No doubt. They're high school students.

Lunch Box News - Teacher Reinstated After Blogging That Students are Whiners
But can anyone be that honest and remain employed? Natalie Munroe has defied the odds. Reuters news service reports the English teacher will return to face a fresh crop of rude, disengaged, lazy whiners in the fall. She might just select different adjectives.

Munroe was suspended with pay earlier this year after her comments ("My students are of out of control," she blogged) turned parents into a chorus of scorched cats.

Although school officials have reinstated her, Reuters reports Munroe has misgivings about returning to Central Bucks East High School on Aug. 30. She had to be escorted from the building in February.

"She wants to be an effective teacher and does not know what environment she will be going back to," her lawyer, Steven Rovner, tells Reuters.

Meanwhile, Munroe is blogging again. This time, Reuters reports, she's outlining the sequence of events that led to her return. She whines (uh, make that complains) she had to contact the district five times about returning and portrays the phone calls as unpleasant.

Not that it will keep her out of the classroom. She would just prefer a different high school.

"She's a teacher and will be glad to be going back to the classroom," Rovner tells Reuters. "As a teacher, she is like a celebrity now. Emotions would not be as high if she went to another school."

Tooth Fairy Latest Victim of the Economy

Cutting back on cable, new clothes and trips to the gas pump are all indicators of a bad economy, but when the Tooth Fairy starts shorting kids, you know things are serious.

The Denver Post reports U.S. kids are getting an average of $2.60 a tooth these days, compared with $3 a year ago, according to a recent survey by Visa. For those who don't like math, that's $.40 less than last year -- but still a heck of a lot more than we used to get, when a quarter was considered a score.

Lunch Boxes News - Tooth Fairy Latest Victim of the EconomyThorton, Colo. fourth grader Alicya Rodriguez tells the Post she gets a $1 a tooth. She may want to have a word with the Tooth Fairy. The average amount traded for teeth in the West is $2.80, while kids in the East get $2.10, kids in the South get $2.60 and kids in the Midwest get $2.80.

"The survey gives parents the opportunity to start talking with kids - even pretty little ones - about money management," Jason Alderman, Visa's senior director of financial education, tells the newspaper. Read more...

Read more →

Go Ahead and Sleep With Your Toddler, Study Says

Does sleeping with a toddler leave the child socially maladjusted and lead to other developmental problems?

Not according to fresh research from Stony Brook University in New York.

Go Ahead and Sleep With Your Toddler, Study Says
"After statistical adjustment for socio-demographic characteristics, there were no behavioral or cognitive differences at age 5 between children who bed-shared with a parent during their toddler years and those who did not," researcher Lauren Hale of Stony Brook tells the website LiveScience.

LiveScience reports that's good news for roughly a third of parents who believe it's OK to sleep with toddlers. The rest of the parenting community is evenly split, according to the website, between those who oppose and those who have no opinion one way or the other.

Those who oppose it argue that it will give the child developmental problems down the road.

But researchers followed 944 low-income toddlers and their parents beginning when the children were a year old. After two years, any developmental problems could be traced to other factors (socioeconomic status, parenting style, etc.) rather than bed-sharing.

There was virtually no developmental difference between children who slept with a parent and those who slept on their own, Hale tells LiveScience.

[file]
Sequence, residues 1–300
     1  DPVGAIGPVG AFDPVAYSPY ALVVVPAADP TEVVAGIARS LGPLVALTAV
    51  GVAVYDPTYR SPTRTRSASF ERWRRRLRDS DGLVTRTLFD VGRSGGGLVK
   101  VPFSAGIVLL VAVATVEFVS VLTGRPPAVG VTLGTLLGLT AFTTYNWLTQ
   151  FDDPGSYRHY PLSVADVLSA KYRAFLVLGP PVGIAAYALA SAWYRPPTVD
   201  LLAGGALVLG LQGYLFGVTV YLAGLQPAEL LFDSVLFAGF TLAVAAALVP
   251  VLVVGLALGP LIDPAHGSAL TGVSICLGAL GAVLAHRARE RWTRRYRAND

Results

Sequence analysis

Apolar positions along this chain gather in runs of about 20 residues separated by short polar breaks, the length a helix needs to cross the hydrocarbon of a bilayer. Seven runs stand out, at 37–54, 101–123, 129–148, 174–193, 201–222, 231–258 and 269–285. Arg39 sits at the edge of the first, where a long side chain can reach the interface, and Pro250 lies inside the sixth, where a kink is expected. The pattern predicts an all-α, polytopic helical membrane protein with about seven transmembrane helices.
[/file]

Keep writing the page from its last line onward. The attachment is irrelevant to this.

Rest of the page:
"Since we did not find a difference, this study suggests that bed-sharing patterns are not contributing to divergent developmental trajectories," she says.

The American Association of Pediatrics recommends against sharing bed with infants because of the risk of sudden infant death syndrome, but Hale says that has nothing to do with this study.

"Our finding is not in conflict with this recommendation, because our study looked at bed-sharing at ages 1, 2 and 3 (past the period of infancy)," she tells LiveScience.

Helen Ball, a researcher at Durham University in England, wasn't involved in the study, but tells LiveScience it's welcome news.

"The study is helpful in debunking the myth that bed-sharing is associated with negative developmental outcomes," she says.

Working Moms Don’t Hurt Their Kids, Study Says

You can stop feeling guilty if you work away from your kids during the day.

Well, a little less guilty, anyway. You are a mother. A certain amount of guilt is part of the job description.

Working Moms Don’t Hurt Their Kids, Study Says
If not freedom from guilt, you can at least find validation from a British study that concludes mothers do not harm their young children emotionally or socially by going out to work.

As a matter of fact, London's Guardian newspaper reports, girls seem to benefit from being in a household where Mom works. Researchers from the department of epidemiology and public health at University College London found no evidence of detrimental effects on young children of mothers working part-time or full-time.

The ideal scenario for children, according to researchers, is for both parents to live at home and for both to be working. The Guardian reports the finding will encourage policymakers to help families stay together.

Lead researcher Anne McMunn tells the Guardian there seemed to be many benefits from both parents working "as long as parents are supported, do not have to work long hours and are able to combine child-rearing with paid work."

"In this study we did not see any evidence for a longer-term detrimental influence on child behavior of mothers working during the first year of life," she adds.

The Guardian reports thousands of parents, mostly mothers, answered questionnaires about their children in infancy and when they were 3 and 5. They covered external behaviors such as hyperactivity, tantrums and aggression, and internal ones including unhappiness, tearfulness and worry.

Katherine Rake, the chief executive of the Family and Parenting Institute charity, tells the Guardian the study is welcome news.

"This study shows what mothers know intuitively," she says. "If you are able to get the balance right, your child and your career can both flourish."